Again, the men all nodded their understanding, although it was unclear how many actually grasped what he was ordering them to do. The hardest struggle he’d had with commanders was that merit rarely determined who got elevated to command in the emperor’s service. Connections and kissing up to the right people was really all that was needed, which meant their forces often did not have the strongest military minds leading them. In the past, against like-armed people, that hadn’t mattered, but they were no longer in the past.

“Now that we all understand each other we can get down to business. The emperor is pulling together as many men as he can, and we will be receiving large numbers of reinforcements over the next several months. I’ve already tasked the commanders of these forces to prepare for their arrival. Many of these men will not have been under arms before, and over the next several months as we continue to build our forces, I expect your unit commanders to drill them until they drop. I want these men in good enough shape to be able to fight effectively when we send them into battle.”

The commanders he’d assigned to the job already knew their tasks, but he wanted to say it out loud for emphasis.

“We will not be sitting idle while that happens. I know many of you are not used to operating more than patrols and small punitive actions over the winter months, and I do not care. We currently outnumber the Romans, but they are building allies and are continuing to send men from their island. The longer we give them, the harder the battle we will face when things come to a head. To that end, I am sending General Matho north with fifteen thousand men, the bulk of what we have left here. You will rendezvous with General Ippar, who commands the smaller detachments and was dealing with a small insurrection north of the Danube when the Romans invaded. You are not to engage the Romans in a straight-up fight. They are currently being supplied from the coastline and relying heavily on those tribes that have defected to their side. We need to cut off that support. Burn any villages harboring even one Roman supporter, destroy supply lines, and harass them. I want their army to wither on the vine. If they cannot eat, it doesn’t matter how powerful their weapons are. I say again, to make myself clear, do not assault their forces directly.”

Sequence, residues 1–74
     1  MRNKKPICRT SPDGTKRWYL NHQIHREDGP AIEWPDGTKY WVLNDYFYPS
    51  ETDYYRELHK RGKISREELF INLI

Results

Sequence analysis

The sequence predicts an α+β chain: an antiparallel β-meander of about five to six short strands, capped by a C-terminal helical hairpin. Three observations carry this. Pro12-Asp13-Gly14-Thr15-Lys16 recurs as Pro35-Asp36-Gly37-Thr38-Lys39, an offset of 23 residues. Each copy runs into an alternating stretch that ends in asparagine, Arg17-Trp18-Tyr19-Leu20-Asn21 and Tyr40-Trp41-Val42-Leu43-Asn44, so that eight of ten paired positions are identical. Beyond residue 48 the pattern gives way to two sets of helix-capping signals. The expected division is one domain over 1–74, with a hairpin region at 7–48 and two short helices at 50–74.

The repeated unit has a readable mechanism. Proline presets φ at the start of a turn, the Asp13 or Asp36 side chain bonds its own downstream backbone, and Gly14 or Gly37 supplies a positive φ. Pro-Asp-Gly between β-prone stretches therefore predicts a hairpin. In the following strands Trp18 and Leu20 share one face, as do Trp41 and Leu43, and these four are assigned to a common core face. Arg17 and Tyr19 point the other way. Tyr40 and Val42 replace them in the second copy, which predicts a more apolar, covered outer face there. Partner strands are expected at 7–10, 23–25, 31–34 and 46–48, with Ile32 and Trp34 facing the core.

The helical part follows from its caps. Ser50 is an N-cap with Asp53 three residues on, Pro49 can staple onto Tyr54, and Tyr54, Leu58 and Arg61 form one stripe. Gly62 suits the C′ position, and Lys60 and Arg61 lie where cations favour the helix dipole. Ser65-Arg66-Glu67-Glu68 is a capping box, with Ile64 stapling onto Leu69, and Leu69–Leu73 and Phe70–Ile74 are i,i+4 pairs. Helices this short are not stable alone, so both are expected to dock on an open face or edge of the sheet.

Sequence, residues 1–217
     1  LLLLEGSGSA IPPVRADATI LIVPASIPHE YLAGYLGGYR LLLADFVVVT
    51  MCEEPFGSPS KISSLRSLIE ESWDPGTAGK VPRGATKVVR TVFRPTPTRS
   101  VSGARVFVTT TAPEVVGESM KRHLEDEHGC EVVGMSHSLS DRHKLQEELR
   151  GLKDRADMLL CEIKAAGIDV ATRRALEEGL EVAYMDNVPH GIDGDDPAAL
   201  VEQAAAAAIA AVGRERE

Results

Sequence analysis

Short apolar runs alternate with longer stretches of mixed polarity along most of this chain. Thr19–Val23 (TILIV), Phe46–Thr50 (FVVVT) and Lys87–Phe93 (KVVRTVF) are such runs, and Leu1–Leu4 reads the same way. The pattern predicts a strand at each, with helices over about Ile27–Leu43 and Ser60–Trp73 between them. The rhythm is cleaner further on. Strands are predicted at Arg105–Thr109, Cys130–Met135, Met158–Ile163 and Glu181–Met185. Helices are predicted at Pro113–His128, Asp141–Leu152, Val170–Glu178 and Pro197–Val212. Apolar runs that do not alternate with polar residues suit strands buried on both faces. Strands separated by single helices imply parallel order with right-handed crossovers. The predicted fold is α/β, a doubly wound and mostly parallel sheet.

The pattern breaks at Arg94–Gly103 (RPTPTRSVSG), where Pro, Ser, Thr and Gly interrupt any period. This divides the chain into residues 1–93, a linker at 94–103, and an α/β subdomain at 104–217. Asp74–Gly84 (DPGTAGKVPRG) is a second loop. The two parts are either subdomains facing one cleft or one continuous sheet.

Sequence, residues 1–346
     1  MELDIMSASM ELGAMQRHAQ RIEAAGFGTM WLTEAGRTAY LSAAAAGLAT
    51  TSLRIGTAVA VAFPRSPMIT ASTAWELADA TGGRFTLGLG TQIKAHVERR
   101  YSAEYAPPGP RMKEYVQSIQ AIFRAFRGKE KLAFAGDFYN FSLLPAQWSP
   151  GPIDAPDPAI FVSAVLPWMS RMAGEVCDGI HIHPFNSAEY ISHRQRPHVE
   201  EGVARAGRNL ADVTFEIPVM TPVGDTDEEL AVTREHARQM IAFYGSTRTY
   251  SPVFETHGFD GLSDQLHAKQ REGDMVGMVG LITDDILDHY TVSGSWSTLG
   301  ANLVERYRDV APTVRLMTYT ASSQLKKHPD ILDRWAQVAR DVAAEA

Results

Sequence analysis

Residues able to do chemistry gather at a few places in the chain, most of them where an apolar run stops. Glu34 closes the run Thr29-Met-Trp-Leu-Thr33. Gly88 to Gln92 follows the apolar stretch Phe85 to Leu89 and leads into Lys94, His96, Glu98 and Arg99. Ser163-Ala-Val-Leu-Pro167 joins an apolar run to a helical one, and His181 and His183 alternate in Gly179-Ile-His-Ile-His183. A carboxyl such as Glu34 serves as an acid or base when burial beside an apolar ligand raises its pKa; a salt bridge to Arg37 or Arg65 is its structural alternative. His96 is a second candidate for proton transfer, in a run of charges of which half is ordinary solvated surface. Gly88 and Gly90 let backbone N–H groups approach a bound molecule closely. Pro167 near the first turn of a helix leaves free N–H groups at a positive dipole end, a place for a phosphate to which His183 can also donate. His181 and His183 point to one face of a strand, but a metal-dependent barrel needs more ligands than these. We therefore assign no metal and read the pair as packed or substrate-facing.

“I understand,” Matho said with a slight bow of his head.

“Good. Once our reinforcements arrive, I will take them west to deal with the Romans in Hispania. For now, all of our forces will use this port as their base of supply. The emperor has fortified the mouth of the Syrian Sea as best as he could and forbidden any ships to travel beyond that to the west, since we can no longer trust any of our shipping to survive where the Romans can reach them. I’ve been promised the rate of supply here will increase and we will have what we need to achieve victory, but be aware our supply lines will now be much longer than any of you are used to. Take what you can from the locals and protect the shipments in your area as best you can. Secondly, there will be no reinforcements, at least for the foreseeable future. Every soldier that comes in will be going west when that army marches, leaving only a skeleton force behind. Your commands are on their own.”